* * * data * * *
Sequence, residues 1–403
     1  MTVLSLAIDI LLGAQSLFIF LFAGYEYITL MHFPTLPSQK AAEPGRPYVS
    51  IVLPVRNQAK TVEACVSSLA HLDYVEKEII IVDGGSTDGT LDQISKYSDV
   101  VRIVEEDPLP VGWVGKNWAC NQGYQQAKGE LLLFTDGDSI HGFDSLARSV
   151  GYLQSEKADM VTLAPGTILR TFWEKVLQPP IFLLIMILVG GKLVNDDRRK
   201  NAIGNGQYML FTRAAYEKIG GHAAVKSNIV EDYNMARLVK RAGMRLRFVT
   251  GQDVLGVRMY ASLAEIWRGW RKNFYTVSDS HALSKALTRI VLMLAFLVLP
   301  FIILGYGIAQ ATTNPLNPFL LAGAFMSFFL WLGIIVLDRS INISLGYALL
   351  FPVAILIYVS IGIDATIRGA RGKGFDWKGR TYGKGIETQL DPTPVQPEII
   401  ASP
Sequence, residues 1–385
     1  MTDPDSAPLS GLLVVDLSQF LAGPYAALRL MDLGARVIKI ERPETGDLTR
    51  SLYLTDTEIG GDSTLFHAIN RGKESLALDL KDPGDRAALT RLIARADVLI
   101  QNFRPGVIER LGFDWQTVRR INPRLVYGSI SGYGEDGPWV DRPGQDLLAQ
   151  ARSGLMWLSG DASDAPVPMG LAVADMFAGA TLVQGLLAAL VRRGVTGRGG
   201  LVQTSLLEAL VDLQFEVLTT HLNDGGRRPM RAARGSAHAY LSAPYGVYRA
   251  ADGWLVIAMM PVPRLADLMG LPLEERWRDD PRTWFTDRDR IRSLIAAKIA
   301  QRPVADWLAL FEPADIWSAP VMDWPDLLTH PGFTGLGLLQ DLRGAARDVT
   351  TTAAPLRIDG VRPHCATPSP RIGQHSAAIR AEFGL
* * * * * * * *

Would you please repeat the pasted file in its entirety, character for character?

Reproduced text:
Sequence, residues 1–403
     1  MTVLSLAIDI LLGAQSLFIF LFAGYEYITL MHFPTLPSQK AAEPGRPYVS
    51  IVLPVRNQAK TVEACVSSLA HLDYVEKEII IVDGGSTDGT LDQISKYSDV
   101  VRIVEEDPLP VGWVGKNWAC NQGYQQAKGE LLLFTDGDSI HGFDSLARSV
   151  GYLQSEKADM VTLAPGTILR TFWEKVLQPP IFLLIMILVG GKLVNDDRRK
   201  NAIGNGQYML FTRAAYEKIG GHAAVKSNIV EDYNMARLVK RAGMRLRFVT
   251  GQDVLGVRMY ASLAEIWRGW RKNFYTVSDS HALSKALTRI VLMLAFLVLP
   301  FIILGYGIAQ ATTNPLNPFL LAGAFMSFFL WLGIIVLDRS INISLGYALL
   351  FPVAILIYVS IGIDATIRGA RGKGFDWKGR TYGKGIETQL DPTPVQPEII
   401  ASP
Sequence, residues 1–385
     1  MTDPDSAPLS GLLVVDLSQF LAGPYAALRL MDLGARVIKI ERPETGDLTR
    51  SLYLTDTEIG GDSTLFHAIN RGKESLALDL KDPGDRAALT RLIARADVLI
   101  QNFRPGVIER LGFDWQTVRR INPRLVYGSI SGYGEDGPWV DRPGQDLLAQ
   151  ARSGLMWLSG DASDAPVPMG LAVADMFAGA TLVQGLLAAL VRRGVTGRGG
   201  LVQTSLLEAL VDLQFEVLTT HLNDGGRRPM RAARGSAHAY LSAPYGVYRA
   251  ADGWLVIAMM PVPRLADLMG LPLEERWRDD PRTWFTDRDR IRSLIAAKIA
   301  QRPVADWLAL FEPADIWSAP VMDWPDLLTH PGFTGLGLLQ DLRGAARDVT
   351  TTAAPLRIDG VRPHCATPSP RIGQHSAAIR AEFGL